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It’s definitely time for some ‘clear the air’ talks

South China Morning Post

Nov 25, 2011

The Environmental Protection Department had a letter published in yesterday’s South China Morning Post (SEHK: 0583announcementsnews) in which it sought to “clarify” some of the air quality issues that we’ve raised over the past few months. The letter’s initial point is that “improving air quality sits at the heart of the government’s environment policy”.

If that is the case, you have to wonder why it is that the Ombudsman upheld a complaint earlier this year saying the government was dragging its heels over setting new air quality objectives (AQOs). It’s been two years since the government concluded its public consultation. The Ombudsman urged the government to set out a timetable and explain to the public the progress and difficulties. That would be an interesting exercise. Let’s see, problems of dealing with franchised bus companies, difficulties of getting environmental impact assessments approved for government infrastructure projects, and so on.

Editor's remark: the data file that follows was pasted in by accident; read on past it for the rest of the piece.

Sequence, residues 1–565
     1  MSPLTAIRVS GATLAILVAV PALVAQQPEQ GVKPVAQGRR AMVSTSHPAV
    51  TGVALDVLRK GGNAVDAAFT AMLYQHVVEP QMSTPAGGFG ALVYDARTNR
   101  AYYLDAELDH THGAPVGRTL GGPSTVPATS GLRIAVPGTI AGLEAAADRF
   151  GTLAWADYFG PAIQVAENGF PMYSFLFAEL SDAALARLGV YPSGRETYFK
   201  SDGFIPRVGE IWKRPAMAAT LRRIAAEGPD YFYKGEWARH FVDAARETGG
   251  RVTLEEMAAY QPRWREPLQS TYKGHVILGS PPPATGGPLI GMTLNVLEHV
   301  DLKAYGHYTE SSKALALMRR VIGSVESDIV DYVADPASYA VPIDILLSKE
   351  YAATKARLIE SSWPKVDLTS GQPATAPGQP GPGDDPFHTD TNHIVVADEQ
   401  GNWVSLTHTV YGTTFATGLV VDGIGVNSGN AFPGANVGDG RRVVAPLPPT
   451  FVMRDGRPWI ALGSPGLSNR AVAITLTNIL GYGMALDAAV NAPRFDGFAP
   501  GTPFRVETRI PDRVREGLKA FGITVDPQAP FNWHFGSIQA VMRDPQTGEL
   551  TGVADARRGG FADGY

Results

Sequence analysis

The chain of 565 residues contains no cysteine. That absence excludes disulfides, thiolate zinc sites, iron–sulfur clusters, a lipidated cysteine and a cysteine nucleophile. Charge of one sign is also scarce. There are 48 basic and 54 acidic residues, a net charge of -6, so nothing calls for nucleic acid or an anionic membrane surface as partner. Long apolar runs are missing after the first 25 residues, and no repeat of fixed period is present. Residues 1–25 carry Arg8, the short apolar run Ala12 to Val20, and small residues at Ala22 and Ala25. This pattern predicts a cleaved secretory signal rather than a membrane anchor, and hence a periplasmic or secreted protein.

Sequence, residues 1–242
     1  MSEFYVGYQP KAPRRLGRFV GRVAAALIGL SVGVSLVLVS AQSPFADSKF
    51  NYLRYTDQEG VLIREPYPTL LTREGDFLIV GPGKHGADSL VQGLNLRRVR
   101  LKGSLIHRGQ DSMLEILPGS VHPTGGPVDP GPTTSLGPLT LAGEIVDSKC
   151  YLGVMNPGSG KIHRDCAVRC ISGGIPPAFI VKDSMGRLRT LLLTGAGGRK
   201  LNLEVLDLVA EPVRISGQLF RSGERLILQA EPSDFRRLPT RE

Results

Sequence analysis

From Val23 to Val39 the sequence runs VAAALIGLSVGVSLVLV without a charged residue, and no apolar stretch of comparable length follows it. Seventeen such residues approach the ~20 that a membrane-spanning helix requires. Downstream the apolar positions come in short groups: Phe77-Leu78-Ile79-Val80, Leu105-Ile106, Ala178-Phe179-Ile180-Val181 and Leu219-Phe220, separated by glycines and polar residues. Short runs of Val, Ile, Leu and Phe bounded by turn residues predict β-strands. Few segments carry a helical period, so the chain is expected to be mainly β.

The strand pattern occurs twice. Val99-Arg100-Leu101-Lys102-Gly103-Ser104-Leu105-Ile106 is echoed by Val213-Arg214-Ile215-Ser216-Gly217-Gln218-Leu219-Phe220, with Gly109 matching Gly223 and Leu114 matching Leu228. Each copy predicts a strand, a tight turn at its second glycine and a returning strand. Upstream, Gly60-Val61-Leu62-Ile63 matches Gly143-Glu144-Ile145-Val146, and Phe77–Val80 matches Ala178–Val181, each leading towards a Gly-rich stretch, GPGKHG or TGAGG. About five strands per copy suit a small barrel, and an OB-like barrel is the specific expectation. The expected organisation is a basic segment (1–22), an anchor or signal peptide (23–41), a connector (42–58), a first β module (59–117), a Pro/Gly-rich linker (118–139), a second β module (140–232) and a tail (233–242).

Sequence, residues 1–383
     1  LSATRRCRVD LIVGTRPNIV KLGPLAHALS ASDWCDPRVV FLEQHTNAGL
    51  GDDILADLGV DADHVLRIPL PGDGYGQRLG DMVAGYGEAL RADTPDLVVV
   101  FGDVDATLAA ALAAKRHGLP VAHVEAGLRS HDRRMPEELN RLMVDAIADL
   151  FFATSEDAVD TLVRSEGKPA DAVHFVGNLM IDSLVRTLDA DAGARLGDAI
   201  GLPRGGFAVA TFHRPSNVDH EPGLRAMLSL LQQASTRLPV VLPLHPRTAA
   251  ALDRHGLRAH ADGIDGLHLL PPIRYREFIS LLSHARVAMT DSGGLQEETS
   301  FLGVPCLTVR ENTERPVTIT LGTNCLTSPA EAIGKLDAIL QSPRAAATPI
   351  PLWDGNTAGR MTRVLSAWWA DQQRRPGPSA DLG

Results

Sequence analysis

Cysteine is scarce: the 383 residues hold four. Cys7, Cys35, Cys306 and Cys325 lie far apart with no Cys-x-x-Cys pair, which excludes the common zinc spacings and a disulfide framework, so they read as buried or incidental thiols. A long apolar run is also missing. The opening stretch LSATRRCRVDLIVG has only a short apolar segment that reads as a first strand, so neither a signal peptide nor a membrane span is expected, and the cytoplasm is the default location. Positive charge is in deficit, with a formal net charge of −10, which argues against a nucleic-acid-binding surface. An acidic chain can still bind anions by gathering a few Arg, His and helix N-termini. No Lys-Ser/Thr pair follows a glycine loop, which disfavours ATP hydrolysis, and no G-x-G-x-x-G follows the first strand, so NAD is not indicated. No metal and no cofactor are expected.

In its letter, the EPD produces a list of “improvement measures” without indicating how effective they have been. It makes great play of reducing the levels of sulphur dioxide, which it achieved by forcing the power companies to fit scrubbers. It’s now on the rise again, thanks to the marine sector. While it is good that it has been sharply reduced, it doesn’t impact on us as much as roadside pollution, which is getting worse. Many other measures have had a negligible impact.

The government tells itself air quality is not really a problem, since Hong Kong has one of the world’s highest rates of life expectancy. This, however, is a lagging indicator. At the other end of the scale, the number of children with respiratory complaints seen by paediatricians has risen dramatically. But fortunately for the government, they don’t belong to a functional constituency and can’t vote.

Choking: pedestrians cover up in Causeway Bay.

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